The Guardian stoops to new lows in the anti-Russia propaganda campaign. This is a shameless piece; a [see update below – the link on which this post is based has been removed] page of photographs of “stamps” – in fact propaganda media – put out by Ukranian exiles during the Soviet period.
This is the explanatory text:
Ukrainian photographer Oleksandr Kosmach collects 20th-century stamps issued by Ukrainian groups in exile during the Soviet era.
Artists and exiles around the world would use stamps to communicate the horrors of Soviet oppression. “These stamps show us the ideas and values of these people, who they really were and what they were fighting for,” Kosmach says
Some of the “stamps” refer to the famine in Ukraine which took place in the early 1930s. One refers to it as “artificially created”. However; responsible historians consider that, at worst, this famine – which also affected other grain-growing areas of the USSR – was not tackled as effectively as it might have been by Stalin.
Another of the “stamps” refers to Chernobyl as an “intentional experiment” on “Ukrainian territory”. The facts of the matter are that it was an accident in which the bad design of a US made reactor played a part. (This might not have been known at the time).
The UPA who is celebrated on the stamps was not an especially pretty organisation. In the later years of the war they collaborated with the Nazis in pursuit of their nationalist aims.
These propaganda materials belong in a museum. While understandable in its historical context it is pretty sickening to see propaganda of this kind being “celebrated” and recycled without context. (A bit similar to republishing Mein Kampf without any commentary).
But this is par for the course. One of the Guardian’s better sketch writers is Marina Hyde. But recently I’ve noticed what you could call anti-Russia “tropes” creeping into her work. A sly joke about how a Russian judge at a sporting event is bound to be corrupt. A “jokey” reference to Putin boiling opponents alive. (Embarrassing in fact since the allegation is that this is what the President of UK ally Uzbekistan did, not Putin).
We are basically in the situation as we were in the sixties when normal and otherwise respectable people are prepared to casually denigrate and demonise another country and its citizens essentially in the manner of savages. Pretty depressing really.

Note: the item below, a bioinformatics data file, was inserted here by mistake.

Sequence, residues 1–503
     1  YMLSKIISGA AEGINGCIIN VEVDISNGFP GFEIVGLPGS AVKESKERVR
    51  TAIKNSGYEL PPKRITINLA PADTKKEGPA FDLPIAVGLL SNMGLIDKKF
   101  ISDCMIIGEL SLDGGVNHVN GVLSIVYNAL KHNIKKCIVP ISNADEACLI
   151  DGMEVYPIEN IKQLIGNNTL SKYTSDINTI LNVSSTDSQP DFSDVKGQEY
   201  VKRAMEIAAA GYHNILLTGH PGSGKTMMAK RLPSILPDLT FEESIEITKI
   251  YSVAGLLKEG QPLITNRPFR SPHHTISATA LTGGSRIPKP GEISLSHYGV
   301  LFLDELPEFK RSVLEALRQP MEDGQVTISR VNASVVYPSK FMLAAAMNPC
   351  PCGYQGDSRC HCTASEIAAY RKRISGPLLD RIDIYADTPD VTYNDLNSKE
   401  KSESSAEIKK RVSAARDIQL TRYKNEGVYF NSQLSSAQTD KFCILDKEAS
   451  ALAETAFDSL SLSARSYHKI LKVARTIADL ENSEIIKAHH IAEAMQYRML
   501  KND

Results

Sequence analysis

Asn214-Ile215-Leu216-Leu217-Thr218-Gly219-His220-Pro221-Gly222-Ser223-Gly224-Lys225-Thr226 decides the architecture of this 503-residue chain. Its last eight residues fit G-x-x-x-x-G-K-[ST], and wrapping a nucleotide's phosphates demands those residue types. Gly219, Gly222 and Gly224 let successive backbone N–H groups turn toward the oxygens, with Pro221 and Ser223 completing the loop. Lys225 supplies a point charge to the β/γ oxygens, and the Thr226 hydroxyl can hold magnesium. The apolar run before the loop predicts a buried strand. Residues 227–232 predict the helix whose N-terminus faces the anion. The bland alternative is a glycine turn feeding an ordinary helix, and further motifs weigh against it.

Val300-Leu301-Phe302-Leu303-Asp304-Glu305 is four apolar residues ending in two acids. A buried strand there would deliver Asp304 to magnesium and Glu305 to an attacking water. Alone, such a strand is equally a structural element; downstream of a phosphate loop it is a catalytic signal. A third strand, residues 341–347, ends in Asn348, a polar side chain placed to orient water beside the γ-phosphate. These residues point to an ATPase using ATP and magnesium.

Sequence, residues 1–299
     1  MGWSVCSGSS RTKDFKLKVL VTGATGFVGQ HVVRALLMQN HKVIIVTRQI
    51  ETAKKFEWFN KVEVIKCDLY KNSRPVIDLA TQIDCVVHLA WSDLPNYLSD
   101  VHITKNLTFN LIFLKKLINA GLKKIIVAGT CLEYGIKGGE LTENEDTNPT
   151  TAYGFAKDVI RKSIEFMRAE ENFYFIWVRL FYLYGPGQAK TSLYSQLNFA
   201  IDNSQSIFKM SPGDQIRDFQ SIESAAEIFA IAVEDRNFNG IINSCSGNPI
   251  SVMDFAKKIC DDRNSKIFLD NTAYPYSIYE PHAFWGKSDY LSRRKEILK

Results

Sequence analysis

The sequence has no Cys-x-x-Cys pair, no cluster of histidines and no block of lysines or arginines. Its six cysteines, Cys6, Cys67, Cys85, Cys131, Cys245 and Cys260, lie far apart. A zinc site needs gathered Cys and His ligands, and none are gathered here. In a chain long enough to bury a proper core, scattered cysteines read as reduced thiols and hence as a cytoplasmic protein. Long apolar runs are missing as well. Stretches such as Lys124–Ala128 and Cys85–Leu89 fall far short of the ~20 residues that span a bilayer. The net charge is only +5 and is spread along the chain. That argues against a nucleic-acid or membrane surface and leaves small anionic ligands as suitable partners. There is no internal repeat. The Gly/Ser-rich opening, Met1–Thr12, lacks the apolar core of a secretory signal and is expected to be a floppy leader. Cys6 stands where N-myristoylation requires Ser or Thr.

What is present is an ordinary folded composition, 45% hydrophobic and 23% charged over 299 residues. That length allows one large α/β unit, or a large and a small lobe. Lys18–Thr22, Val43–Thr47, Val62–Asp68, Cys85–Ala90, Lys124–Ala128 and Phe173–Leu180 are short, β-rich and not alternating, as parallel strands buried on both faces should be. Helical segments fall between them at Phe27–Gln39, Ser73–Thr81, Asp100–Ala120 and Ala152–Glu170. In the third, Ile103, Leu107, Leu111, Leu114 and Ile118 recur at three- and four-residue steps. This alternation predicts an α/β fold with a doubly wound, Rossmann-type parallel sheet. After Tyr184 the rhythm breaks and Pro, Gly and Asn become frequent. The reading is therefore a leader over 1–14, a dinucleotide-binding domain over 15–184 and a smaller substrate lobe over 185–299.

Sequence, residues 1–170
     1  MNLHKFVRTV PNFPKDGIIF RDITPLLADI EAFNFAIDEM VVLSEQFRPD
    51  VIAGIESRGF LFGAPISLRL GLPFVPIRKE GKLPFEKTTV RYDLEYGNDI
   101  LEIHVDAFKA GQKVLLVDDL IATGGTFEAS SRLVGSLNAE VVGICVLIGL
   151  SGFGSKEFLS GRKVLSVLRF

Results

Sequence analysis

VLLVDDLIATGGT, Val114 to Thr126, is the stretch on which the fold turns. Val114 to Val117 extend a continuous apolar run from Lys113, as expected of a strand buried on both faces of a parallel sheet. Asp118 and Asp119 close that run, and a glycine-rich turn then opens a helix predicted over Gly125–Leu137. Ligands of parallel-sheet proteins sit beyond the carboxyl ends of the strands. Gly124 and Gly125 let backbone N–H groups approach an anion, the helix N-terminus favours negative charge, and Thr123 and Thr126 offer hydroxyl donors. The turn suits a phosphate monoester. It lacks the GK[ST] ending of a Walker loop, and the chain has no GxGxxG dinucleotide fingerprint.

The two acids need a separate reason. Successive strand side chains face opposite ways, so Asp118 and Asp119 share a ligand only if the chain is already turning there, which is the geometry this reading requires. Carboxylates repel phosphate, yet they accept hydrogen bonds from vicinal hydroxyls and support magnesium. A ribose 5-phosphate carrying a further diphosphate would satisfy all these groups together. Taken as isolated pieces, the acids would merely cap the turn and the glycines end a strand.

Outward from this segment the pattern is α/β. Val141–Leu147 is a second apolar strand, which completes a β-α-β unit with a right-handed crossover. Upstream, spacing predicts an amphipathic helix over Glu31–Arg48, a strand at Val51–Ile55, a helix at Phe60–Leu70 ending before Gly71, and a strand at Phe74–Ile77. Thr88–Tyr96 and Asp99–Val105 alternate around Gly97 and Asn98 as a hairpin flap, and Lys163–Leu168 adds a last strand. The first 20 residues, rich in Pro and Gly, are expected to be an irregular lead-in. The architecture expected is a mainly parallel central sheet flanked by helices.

The link to the article above with Ukrainian nationalist propaganda materials no longer works. It appears that the Guardian belatedly realised that it “lacked the necessary historical context and presentation.”
I’ve noticed an article by someone who claims to be the author of the original Guardian piece – the collection of anti-Russian stamps – in a Ukrainian journal. I don’t speak Ukrainian so I had to translate it with a translator. The author credits this site with being partly to blame for the Guardian removing the piece – which is quite flattering since this site gets about 15 visitors a day! The author misrepresents what I said above. For example my “A bit similar to republishing Mein Kampf without any commentary” becomes “He compares the publication of a small post with Ukrainian stamps with the ‘reprint of Mein Kampf'”. which is true in a sense but dishonest because it misrepresents my obvious meaning (a “bit” similar). He claims that I wrote that the the famine in Ukraine in the 1930s would have been more ‘effective’ if Stalin had done it on purpose. In fact I wrote: “However; responsible historians consider that, at worst, this famine – which also affected other grain-growing areas of the USSR – was not tackled as effectively as it might have been by Stalin.” And finally, Alexander Kosmach, claims that I wrote “the Chernobyl accident (which was also a stamp) was due to poor American reactor design”. In fact I said it played a part (which is factually correct). We can safely say that Alexander Kosmach is dishonest; he is misrepresenting what I wrote. He is a propagandist defending his propaganda. (He has also found a web page with personal information about me and given my location – which could be seen as some kind of incitement – not the work of a serious writer).
For the record – I’m not opposed to Ukrainian nationalism in any way. The point is simply that the kind of material which I’ve described above needs – just as the Guardian now says – to be presented in context.